When first reported, this hominin was given the name Zinjanthropus boisei. He was considered to be a human ancestor and was portrayed as an upright hairy apeman. Later, he was renamed Australopithecus boisei, but then was moved to a separate genus, receiving the name Paranthropus boisei. He still appears in some presentations of human ancestry. What makes him memorable are his magnificent teeth:
“For decades, scientists thought that the large, heavy teeth the primates had were used in cracking open hard foods such as nuts. The common name for Paranthropus was “Nutcracker Man” for this very reason.”
[. . .]
[The take-home message:]
Nutcracker Man is a notable example of how morphology was wrongly interpreted for decades and only recently overturned. The problem with “conventional wisdom” is that it has been led by a dogma about the nature of evolutionary transformation from ape-like ancestor to humanity and it is long overdue that this “wisdom” be subjected to some systematic and rational critical scrutiny.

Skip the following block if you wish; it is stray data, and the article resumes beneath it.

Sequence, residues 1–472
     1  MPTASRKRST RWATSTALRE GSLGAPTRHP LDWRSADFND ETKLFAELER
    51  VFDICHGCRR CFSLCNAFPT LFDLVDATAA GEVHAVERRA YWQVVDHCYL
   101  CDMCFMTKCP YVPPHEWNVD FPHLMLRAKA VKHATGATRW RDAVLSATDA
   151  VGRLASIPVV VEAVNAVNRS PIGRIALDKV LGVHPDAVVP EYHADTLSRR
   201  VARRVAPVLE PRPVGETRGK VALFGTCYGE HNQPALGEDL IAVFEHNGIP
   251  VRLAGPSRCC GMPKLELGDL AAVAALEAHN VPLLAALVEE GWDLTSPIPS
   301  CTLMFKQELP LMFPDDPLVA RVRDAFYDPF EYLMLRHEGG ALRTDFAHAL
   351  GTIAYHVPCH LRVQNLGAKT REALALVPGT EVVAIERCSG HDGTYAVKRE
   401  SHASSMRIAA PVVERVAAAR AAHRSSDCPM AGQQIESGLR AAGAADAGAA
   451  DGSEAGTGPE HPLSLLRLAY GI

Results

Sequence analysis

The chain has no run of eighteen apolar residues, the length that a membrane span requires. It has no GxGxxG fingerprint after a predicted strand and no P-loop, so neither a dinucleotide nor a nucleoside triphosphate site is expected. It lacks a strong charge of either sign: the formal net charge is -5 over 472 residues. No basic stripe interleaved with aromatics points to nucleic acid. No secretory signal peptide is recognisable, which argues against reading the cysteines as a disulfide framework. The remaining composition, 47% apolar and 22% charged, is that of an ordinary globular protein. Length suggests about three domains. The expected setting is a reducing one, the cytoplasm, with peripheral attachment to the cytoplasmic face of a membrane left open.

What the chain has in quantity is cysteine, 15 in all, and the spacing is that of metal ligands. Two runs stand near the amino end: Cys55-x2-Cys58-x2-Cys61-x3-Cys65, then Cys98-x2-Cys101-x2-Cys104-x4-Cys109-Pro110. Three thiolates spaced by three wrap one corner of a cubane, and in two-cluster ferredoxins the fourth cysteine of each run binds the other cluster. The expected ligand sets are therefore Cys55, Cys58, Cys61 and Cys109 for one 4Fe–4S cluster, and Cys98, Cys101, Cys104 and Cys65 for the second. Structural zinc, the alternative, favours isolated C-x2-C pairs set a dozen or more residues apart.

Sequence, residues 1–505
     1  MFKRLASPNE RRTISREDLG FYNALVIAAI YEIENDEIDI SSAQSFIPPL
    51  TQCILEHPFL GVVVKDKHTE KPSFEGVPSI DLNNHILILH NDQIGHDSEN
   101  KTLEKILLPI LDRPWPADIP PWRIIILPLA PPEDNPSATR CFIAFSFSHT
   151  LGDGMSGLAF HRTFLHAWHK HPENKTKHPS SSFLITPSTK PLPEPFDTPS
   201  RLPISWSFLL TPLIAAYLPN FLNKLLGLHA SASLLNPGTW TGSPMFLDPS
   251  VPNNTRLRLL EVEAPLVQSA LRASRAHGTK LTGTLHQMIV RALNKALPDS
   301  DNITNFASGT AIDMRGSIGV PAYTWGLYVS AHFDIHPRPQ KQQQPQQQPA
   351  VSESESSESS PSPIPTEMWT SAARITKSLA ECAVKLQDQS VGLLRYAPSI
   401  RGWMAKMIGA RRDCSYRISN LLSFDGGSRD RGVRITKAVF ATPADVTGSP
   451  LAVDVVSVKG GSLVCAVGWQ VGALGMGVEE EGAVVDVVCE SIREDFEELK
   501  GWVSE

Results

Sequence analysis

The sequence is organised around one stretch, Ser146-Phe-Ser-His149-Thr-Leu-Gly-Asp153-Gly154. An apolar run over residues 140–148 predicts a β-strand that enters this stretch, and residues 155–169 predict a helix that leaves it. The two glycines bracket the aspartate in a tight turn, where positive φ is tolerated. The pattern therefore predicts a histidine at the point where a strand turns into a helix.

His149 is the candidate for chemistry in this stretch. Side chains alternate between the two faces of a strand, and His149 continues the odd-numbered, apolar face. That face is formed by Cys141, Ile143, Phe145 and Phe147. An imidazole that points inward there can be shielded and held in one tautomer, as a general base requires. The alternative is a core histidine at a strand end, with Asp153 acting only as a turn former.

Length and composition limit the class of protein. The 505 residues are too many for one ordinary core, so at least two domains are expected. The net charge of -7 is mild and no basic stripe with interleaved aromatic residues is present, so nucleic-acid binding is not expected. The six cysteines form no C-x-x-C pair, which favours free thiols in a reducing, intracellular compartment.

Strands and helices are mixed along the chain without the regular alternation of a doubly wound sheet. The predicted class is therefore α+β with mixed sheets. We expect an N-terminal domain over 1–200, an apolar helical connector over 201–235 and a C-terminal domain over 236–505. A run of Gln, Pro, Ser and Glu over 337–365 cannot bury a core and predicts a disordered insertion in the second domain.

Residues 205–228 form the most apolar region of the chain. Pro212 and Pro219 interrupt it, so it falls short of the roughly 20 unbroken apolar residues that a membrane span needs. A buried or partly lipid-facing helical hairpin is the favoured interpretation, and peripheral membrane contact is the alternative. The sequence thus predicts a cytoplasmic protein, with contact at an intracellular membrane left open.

Maybe it will help if this particular fossil hominin gets a new popular name. It was not a nutcracker nor was it a man! It was a specialised (derived) ape that fed primarily on grass and is now extinct. It has nothing to do with human ancestry. Any thoughts on a suitable popular name?
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